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Tuesday, 13 September 2011

Food found in Georgette Heyer's books

A Few Regency Recipes

My first introduction to the exotic meals of a bygone era came from reading Georgette Heyer’s excellent regencies and historicals and wondering about such exotic sounding dishes as ‘Davenport fowls’ might be and what was actually in the drink called negus.

With the aid of Mrs Rundell’s excellent little book, James Farley’s London Cookery and a few other sources  I am hoping to throw some light on those strange recipes.

  Here you will find Atelets of Palates, Davenport Fowls, Hessian Soup and Pig’s cheek
Along the line are recipes for Liason for fricassees, Benshamel [sic] sauce, Allemand sauce, Spanish sauce, mushroom ketchup and walnut ketchup. 

Atelets of Palates
This took a little  tracking down; the palates would probably be beef or possibly veal palates for which I present several recipes below; atelets aka Hatelettes were small silver or wooden skewers, so this translates as kebabbed palates…and the sauces, one assumes, to dip them in.  

From John Farley’s London Cookery 1811

Beef Palates
Blanch, peel, and broil the palates; trim them into the shape of cutlets; braize with a pint of veal stock till nearly-all is reduced : serve with allemand sauce.
Beef Palates Baked (Brown)
Having blanched, peeled, and boiled the palates, line a tin mould with a veal caul; lay a palate upon it, and over it some light forcemeat containing green truffles pounded : fill the mould with alternate layers of caul, palates, and forcemeat: add a sufficient quantity of stock, and bake in a moderate oven : take out the palates, etc. and put aside the cauls; lay the palates in the dish with the forcemeat over each: strain the gravy, skim off the fat, add two spoonsful of port wine, one of browning, and four of Spanish sauce  boil all together, and pour it over the palates.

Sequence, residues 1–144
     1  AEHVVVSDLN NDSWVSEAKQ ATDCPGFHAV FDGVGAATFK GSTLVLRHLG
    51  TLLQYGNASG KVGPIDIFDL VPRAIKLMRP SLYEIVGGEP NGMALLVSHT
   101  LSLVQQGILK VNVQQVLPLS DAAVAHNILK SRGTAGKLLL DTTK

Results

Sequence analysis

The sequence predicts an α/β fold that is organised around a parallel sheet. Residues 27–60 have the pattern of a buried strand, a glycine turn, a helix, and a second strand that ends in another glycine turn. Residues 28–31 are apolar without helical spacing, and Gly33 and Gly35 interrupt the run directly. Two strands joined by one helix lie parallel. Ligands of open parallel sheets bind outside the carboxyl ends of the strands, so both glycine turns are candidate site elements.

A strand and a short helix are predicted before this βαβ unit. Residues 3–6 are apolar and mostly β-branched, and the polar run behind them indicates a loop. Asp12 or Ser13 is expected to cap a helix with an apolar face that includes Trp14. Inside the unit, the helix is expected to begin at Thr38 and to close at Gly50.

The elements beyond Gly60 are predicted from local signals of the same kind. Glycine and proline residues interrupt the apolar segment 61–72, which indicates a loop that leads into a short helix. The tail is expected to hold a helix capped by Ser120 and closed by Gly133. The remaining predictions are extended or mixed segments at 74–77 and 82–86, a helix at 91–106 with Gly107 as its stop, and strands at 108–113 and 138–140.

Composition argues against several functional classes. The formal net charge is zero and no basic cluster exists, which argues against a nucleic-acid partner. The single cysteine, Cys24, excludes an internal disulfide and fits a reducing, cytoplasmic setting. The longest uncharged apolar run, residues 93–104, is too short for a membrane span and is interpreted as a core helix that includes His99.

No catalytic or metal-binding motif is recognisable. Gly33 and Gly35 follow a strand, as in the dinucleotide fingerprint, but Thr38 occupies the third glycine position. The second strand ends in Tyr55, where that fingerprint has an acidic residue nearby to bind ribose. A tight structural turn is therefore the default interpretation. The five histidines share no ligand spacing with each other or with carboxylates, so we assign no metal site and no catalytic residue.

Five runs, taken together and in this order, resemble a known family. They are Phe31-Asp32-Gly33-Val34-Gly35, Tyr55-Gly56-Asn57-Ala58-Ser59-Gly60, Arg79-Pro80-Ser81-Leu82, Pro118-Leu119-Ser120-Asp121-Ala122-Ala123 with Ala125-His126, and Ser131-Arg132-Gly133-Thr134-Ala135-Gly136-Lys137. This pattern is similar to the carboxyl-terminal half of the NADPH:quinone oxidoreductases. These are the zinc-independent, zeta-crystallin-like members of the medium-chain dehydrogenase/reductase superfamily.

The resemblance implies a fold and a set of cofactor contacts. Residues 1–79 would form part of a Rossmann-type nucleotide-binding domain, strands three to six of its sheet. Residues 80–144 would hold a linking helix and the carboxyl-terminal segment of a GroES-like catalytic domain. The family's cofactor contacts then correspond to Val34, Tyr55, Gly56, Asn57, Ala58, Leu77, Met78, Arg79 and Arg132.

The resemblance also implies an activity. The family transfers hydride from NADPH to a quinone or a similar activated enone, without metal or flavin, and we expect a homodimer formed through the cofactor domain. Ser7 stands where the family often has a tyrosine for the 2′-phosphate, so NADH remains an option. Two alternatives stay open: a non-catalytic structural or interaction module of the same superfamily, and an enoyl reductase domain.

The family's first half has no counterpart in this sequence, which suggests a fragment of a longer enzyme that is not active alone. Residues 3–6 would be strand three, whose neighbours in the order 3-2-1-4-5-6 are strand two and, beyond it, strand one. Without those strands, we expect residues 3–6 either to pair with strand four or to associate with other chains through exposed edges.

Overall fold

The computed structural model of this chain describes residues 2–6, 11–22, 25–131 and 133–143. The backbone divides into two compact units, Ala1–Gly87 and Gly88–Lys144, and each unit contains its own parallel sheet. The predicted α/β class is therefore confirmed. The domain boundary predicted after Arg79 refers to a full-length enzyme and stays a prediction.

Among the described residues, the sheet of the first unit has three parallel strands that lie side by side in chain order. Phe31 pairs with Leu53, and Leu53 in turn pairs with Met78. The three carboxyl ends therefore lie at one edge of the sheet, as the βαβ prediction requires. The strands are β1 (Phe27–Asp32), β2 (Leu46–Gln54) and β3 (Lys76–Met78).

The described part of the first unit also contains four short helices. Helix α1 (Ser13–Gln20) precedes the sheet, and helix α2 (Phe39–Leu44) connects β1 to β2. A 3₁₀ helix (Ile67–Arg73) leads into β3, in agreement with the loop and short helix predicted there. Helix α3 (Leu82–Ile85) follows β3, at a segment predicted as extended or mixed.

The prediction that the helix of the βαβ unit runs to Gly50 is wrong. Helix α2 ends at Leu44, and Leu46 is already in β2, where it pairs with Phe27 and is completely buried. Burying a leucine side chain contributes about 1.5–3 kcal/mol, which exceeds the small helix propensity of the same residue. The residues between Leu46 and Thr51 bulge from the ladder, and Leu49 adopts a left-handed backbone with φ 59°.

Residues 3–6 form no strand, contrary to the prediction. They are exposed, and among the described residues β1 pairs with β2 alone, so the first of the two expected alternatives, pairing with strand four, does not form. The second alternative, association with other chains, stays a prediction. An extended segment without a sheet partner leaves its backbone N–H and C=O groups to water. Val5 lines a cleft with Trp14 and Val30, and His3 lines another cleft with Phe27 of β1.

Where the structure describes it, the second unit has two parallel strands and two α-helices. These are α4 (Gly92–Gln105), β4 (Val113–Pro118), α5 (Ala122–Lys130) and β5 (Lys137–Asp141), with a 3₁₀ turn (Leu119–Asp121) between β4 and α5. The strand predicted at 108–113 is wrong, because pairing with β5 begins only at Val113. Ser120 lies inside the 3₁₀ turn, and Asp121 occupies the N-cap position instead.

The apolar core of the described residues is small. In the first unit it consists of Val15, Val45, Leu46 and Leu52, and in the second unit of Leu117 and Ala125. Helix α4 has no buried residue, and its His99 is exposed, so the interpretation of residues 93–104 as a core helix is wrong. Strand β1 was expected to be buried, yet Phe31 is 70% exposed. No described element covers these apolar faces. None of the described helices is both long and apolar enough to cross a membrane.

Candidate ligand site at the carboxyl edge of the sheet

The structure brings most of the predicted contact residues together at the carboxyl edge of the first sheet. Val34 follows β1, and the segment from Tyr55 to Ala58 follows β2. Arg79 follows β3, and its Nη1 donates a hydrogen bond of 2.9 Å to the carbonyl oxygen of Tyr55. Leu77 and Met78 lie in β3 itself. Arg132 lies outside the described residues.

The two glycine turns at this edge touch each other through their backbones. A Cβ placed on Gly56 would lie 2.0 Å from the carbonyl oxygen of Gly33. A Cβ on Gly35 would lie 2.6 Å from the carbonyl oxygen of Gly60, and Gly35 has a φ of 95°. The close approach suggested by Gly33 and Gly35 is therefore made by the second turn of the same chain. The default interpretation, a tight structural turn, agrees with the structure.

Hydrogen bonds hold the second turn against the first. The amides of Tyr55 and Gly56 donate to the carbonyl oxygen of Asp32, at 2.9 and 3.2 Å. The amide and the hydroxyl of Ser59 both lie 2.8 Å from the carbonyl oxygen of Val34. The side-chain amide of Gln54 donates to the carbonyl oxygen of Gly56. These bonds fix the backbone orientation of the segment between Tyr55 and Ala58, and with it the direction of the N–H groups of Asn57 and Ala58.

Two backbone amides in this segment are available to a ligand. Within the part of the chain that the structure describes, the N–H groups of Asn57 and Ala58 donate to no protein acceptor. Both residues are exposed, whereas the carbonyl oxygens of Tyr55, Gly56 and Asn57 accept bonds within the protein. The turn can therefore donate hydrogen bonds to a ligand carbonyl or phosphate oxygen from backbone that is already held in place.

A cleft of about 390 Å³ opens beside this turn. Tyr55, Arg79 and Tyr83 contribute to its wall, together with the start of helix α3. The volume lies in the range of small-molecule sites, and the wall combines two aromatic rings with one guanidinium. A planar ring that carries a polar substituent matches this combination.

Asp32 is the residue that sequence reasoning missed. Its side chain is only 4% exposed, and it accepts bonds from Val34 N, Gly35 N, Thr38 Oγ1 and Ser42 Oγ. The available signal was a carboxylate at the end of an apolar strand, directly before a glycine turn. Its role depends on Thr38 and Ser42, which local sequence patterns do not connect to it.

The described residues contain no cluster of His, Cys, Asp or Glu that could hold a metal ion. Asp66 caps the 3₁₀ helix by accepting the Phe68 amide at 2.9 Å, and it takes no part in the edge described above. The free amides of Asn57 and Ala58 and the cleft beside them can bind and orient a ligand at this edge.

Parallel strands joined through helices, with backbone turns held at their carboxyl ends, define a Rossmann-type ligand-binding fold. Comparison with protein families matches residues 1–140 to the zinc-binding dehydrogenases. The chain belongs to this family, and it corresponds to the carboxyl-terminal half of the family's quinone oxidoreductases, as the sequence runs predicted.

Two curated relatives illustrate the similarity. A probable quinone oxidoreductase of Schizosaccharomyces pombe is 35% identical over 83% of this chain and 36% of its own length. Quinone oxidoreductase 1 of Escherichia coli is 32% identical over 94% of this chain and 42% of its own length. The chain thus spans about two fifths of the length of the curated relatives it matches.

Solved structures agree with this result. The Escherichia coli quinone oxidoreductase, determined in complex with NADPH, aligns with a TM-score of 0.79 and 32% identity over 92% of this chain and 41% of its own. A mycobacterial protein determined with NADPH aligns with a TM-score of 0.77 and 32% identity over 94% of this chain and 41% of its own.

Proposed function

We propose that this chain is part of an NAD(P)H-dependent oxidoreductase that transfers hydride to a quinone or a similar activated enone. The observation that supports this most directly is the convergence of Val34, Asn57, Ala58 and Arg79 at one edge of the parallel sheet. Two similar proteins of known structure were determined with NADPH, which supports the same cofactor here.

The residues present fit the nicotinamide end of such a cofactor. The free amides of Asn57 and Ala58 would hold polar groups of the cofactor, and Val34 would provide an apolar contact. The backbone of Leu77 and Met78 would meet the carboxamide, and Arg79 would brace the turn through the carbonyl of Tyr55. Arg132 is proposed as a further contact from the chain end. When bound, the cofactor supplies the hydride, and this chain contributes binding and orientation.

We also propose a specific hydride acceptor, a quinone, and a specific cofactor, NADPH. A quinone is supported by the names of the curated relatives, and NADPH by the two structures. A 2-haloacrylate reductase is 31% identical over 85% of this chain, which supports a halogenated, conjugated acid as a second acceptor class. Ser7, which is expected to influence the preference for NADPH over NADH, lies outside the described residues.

Beef Palates Baked (White)
When the palates come out of the oven, strain the gravy and skim off the fat, adding a leason  and two spoonsfull of benshamelle.[sic…..Bechamel?]

Liaison Or Leason, For Fricassees, Etc
Take the yolks of four eggs, half a pint of cream, and a little salt, mixed well together : simmer, and mix as directed in the different receipts.]

I have to say that Mrs Rundell’s version sounds more appetising being inclined to add flavour in the cooking rather than drowning them in sauces;

Beef palates
Simmer them in water several hours till they will peel; then cut the palate into slices or leave them whole as you choose; and stew them in rich gravy until they are as tender as possible. Before you serve season them with Cayenne, salt and ketchup.  If the gravy was drawn clear add also some butter and flour. If to be served white boil them in milk and stew them in a fricassee sauce; adding cream, butter, flour and mushroom powder and a little pounded mace.

Sauces as indicated

Benshamelle[sic] Sauce

Take white veal, lean ham, turnips, celery, onions shred, a blade of mace, and a little whole pepper; sweat them down over a very gentle heat till three parts tender, and add beef stock : when it boils skim it clean, and thicken it with passing, adding cream enough to make it quite white, and of the thickness of light batter: let it simmer gently half an hour, and strain through a tamis[aka tammy or drum sieve].
German Sauce, Or Sauce Allemande